No doubt, having the Pakistan government champion and concretise one interpretation of Islam as the ‘correct’ one in an effort to stamp out extremist interpretations is a dangerous idea. But those who genuinely want to see the eradication of the Pakistani Taliban – liberals, moderates, and those who advocate for the separation of the church and state included – cannot now shy away from an ideological battle.

It is increasingly apparent that the struggle for a Pakistan free of militancy is conflated with a struggle over the soul of Islam. For that reason, in addition to military operations that target Taliban methodology (bombings, attacks, killings), the government – and the people of Pakistan – will have to jointly engage in ijtehad to devise a way to quash Taliban ideology.

“Itjihad” explained:

Ijtihad is the process of arriving at a decision on a point of Islamic law through study of the Qur’an and Sunnah. From the beginning of Islam, the authoritative study of such sources was reserved to a select number of scholars who fulfilled certain qualifications, including a comprehensive knowledge of the Qur’an and Sunnah, as well as knowledge of the principle of analogical reasoning (qiyas) by which legal decisions are made; knowledge of the consensus (ijma) on any given question of Muhammad, his closest companions, and the scholars of the past; and more, including living a blameless life. The founders of the schools of Islamic jurisprudence are among the small number of scholars – mujtahedin — thus qualified to perform ijithad. But they all lived very long ago; for many centuries, independent study of the Qur’an and Sunnah has been discouraged among Muslims, who are instead expected to adhere to the rulings of one of those established schools. Since the death of Ahmed ibn Hanbal, from whom the Hanbali school takes its name, in 855 A.D., no one has been recognized by the Sunni Muslim community as a mujtahid of the first class — that is, someone who is qualified to originate legislation of his own, based on the Qur’an and Sunnah but not upon the findings of earlier mujtahedin.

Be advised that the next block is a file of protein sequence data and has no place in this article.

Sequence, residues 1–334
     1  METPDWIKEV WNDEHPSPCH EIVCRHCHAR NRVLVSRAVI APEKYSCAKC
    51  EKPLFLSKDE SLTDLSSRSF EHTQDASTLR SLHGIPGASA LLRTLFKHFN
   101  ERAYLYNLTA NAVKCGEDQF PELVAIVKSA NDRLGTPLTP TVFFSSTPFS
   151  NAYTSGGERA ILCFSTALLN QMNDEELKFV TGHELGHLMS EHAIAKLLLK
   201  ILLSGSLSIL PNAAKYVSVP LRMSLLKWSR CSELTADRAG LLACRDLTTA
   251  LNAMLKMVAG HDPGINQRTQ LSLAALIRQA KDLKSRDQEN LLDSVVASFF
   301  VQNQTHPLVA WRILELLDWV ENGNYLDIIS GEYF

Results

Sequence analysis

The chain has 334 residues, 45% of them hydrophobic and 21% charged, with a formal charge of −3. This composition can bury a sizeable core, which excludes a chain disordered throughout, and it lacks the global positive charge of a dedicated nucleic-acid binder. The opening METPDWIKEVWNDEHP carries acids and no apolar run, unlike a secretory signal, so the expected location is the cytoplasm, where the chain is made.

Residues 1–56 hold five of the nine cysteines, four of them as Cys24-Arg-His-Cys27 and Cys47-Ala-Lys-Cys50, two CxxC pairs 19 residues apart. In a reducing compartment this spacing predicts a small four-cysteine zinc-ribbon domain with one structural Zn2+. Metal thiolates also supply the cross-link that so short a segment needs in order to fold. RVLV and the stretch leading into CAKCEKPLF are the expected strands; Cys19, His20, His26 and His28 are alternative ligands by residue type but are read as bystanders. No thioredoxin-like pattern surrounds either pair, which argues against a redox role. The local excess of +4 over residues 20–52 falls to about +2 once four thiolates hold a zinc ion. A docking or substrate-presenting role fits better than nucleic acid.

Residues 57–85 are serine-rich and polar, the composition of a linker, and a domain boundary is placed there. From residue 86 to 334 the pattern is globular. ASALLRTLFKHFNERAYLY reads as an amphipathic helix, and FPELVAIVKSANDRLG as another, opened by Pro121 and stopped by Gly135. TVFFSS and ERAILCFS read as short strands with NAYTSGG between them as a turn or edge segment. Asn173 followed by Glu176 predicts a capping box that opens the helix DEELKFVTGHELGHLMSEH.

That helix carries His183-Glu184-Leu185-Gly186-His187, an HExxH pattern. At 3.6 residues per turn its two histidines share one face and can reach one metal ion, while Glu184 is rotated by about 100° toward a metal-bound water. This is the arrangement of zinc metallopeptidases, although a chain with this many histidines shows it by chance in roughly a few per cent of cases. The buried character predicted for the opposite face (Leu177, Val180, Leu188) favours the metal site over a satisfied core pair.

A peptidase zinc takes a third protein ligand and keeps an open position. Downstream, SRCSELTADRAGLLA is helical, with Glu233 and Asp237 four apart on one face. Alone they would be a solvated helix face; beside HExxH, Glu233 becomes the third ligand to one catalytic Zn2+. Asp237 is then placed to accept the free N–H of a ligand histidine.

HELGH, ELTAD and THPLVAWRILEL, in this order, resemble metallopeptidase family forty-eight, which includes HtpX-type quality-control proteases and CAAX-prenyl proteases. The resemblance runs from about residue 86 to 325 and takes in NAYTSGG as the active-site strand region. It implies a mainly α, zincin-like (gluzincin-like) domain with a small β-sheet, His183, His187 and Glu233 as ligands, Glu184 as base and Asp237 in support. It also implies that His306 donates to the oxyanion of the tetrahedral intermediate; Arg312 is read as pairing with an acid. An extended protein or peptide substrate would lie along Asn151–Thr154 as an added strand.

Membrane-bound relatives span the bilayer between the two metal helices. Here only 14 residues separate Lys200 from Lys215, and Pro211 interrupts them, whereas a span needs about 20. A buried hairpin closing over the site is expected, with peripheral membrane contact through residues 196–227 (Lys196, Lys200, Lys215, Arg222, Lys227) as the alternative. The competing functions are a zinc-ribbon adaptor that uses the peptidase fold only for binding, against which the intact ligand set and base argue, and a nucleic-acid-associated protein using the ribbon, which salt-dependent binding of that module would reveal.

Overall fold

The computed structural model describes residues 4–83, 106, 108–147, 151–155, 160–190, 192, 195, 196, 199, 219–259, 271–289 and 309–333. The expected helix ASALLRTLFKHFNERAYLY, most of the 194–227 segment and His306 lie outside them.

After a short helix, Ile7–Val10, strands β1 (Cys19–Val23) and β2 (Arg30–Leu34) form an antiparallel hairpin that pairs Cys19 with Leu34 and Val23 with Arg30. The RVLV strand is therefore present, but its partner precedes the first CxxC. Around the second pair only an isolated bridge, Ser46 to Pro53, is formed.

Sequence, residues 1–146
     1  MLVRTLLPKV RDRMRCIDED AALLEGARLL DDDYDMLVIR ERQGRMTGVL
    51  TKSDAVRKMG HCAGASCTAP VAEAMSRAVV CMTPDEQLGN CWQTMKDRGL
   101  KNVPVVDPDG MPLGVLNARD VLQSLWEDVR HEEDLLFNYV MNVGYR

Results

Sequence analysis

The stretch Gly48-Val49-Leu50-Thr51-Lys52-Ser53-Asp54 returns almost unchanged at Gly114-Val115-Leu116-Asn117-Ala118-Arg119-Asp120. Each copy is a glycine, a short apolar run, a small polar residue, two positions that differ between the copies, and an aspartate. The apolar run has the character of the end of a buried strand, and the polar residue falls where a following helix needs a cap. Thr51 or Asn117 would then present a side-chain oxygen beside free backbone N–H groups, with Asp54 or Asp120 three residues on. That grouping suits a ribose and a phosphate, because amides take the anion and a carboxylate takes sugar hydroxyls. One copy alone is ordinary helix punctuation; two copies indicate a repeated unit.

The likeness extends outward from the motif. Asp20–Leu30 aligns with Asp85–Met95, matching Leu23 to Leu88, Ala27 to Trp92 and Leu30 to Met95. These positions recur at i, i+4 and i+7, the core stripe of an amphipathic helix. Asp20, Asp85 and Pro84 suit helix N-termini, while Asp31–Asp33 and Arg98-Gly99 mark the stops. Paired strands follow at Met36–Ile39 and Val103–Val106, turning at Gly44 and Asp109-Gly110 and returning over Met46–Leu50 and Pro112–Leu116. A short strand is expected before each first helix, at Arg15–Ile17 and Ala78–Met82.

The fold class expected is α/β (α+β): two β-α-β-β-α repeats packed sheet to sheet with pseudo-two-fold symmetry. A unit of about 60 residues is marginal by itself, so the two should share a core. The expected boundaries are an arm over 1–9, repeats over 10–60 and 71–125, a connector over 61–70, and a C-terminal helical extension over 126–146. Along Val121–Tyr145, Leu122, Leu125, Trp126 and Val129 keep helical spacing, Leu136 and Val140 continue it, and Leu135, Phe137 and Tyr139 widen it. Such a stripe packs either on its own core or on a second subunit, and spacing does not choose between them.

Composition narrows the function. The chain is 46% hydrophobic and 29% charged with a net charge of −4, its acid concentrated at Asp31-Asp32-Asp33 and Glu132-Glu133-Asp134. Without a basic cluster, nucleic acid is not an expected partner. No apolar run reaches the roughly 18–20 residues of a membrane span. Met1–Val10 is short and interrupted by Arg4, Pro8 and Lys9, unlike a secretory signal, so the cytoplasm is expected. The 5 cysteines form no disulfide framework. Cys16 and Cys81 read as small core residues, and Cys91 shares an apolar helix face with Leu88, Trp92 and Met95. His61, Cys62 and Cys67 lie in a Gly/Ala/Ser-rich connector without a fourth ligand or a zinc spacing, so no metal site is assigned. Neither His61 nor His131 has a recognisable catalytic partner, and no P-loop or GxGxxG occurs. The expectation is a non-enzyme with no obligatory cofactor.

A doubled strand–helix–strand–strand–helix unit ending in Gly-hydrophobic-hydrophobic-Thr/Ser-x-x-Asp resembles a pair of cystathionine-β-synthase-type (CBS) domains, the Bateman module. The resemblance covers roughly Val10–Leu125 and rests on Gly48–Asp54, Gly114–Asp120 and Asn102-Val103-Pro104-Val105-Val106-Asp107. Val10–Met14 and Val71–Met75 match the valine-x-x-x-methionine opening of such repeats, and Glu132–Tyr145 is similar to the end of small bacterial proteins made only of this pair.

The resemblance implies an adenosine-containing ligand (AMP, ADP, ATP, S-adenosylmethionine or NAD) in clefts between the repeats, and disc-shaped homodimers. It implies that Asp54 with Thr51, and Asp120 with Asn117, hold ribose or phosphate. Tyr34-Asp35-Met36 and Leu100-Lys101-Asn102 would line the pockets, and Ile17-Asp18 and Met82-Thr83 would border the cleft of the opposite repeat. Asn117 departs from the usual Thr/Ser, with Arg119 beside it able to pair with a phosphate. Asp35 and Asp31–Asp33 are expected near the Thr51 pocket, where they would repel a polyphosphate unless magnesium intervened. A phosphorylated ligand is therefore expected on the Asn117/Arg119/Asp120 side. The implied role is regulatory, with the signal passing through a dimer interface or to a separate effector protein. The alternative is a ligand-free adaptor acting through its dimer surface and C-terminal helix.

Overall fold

Islamic scholar Cyril Glasse notes that “‘the door of ijtihad is closed’ as of some nine hundred years, and since then the tendency of jurisprudence (fiqh) has been to produce only commentaries upon commentaries and marginalia.”